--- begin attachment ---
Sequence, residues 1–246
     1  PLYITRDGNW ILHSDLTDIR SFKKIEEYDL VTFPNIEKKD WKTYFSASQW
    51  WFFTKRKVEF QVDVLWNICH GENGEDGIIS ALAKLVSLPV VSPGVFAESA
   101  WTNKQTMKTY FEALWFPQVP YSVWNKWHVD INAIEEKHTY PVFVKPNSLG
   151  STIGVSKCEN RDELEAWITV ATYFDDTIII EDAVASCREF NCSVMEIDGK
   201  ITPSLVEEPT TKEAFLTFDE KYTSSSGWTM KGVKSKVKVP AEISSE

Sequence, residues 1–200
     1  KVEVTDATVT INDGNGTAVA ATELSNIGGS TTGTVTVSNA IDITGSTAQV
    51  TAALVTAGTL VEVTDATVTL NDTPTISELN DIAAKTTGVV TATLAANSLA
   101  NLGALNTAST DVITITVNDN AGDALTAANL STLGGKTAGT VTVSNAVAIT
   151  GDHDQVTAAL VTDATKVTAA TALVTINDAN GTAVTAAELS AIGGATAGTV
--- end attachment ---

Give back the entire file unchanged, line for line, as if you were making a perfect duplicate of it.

Sequence, residues 1–246
     1  PLYITRDGNW ILHSDLTDIR SFKKIEEYDL VTFPNIEKKD WKTYFSASQW
    51  WFFTKRKVEF QVDVLWNICH GENGEDGIIS ALAKLVSLPV VSPGVFAESA
   101  WTNKQTMKTY FEALWFPQVP YSVWNKWHVD INAIEEKHTY PVFVKPNSLG
   151  STIGVSKCEN RDELEAWITV ATYFDDTIII EDAVASCREF NCSVMEIDGK
   201  ITPSLVEEPT TKEAFLTFDE KYTSSSGWTM KGVKSKVKVP AEISSE

Sequence, residues 1–200
     1  KVEVTDATVT INDGNGTAVA ATELSNIGGS TTGTVTVSNA IDITGSTAQV
    51  TAALVTAGTL VEVTDATVTL NDTPTISELN DIAAKTTGVV TATLAANSLA
   101  NLGALNTAST DVITITVNDN AGDALTAANL STLGGKTAGT VTVSNAVAIT
   151  GDHDQVTAAL VTDATKVTAA TALVTINDAN GTAVTAAELS AIGGATAGTV